KALAMAZOO, Mich. (WOOD) — Kalamazoo city officials are choosing not to move forward with a Department of Justice grant over concerns about U.S. Immigration and Customs Enforcement policies.
City administrators told 24 Hour News 8 that they have accepted Justice Assistance Grants for years, but there have been changes to part of the agreement. Officials found those changes could promote the separation of immigrant families.
“We (city staff members) determined that there are some really open-ended questions about whether or not the new requirements conflict with the requirements that were passed by the City Commission in July,” Kalamazoo Deputy City Manager Jeff Chamberlain told 24 Hour News 8 Wednesday. “In July, our elected officials passed a resolution that stated that they opposed the separation of families for immigration and that also directed the city administration to not work in efforts that would separate families due to immigration status.”
There was a city commission meeting scheduled for Thursday morning to discuss the grant, but it was canceled due to a scheduling conflict. The agreement will therefore not move forward because officials had to accept it before Nov. 16.
City commission documents show that $92,200 grant would have been used to purchase new police equipment. $71,884 would have gone to the Kalamazoo Department of Public Safety and $20,316 to the Kalamazoo County Sheriff’s Department.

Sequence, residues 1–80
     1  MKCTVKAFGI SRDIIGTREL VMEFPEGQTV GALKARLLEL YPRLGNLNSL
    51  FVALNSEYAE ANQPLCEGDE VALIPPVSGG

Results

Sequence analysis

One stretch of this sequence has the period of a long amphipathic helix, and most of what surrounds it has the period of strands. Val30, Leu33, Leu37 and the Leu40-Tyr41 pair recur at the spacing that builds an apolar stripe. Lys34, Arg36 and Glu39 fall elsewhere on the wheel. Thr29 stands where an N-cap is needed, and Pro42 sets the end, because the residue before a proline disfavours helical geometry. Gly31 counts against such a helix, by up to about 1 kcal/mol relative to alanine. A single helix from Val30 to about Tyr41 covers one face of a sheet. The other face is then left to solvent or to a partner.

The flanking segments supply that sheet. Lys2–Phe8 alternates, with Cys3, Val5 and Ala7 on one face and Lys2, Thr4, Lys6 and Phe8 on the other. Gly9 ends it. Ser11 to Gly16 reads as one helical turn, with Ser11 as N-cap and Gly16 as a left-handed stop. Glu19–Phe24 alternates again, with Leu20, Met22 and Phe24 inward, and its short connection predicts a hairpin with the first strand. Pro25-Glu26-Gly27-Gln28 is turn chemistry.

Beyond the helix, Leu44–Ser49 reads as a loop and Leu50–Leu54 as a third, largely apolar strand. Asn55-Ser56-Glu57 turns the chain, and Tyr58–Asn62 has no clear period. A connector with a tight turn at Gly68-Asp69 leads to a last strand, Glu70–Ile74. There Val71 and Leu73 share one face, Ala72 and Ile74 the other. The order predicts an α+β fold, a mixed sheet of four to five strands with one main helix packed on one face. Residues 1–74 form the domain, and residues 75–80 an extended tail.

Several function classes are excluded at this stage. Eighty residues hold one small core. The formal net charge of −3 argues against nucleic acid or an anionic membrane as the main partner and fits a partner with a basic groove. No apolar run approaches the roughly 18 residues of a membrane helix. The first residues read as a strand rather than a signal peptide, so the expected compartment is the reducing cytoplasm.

Chamberlain said it would have paid for new recording devices for interrogation rooms and a chromatograph mass spectrometer.
“A mass spectrometer is like a very high-powered microscope that can identify what a substance is made of,” he explained. “So, it’s used, often times, for drug testing.”
Officials will find other avenues to fund those projects, he said.
CALLS FOR CHANGE
At an End ICE town hall meeting at the YWCA in Kalamazoo Wednesday evening, immigrants’ rights activists and legal experts said they think Kalamazoo County needs new policies to help immigrants.
Nelly Fuentes, a member of the immigration activist group Movimiento Cosecha Kalamazoo, told the crowd she has met domestic abuse victims who are scared to call police because of they’re scared they’ll be detained.
“There’s days when I just get home and it’s just like, I just need to close my eyes right now and hope that tomorrow is a better day,” she told 24 Hour News 8.
Still, she said she’s committed to promoting change.
As calls to end local contract with ICE continue in West Michigan and across the nation, Fuentes said now is the time for Kalamazoo County Sheriff Richard Fuller to do so.
“It’s not about Sheriff Fuller, it’s about Kalamazoo (Count)] having no ICE holds policy,” she said.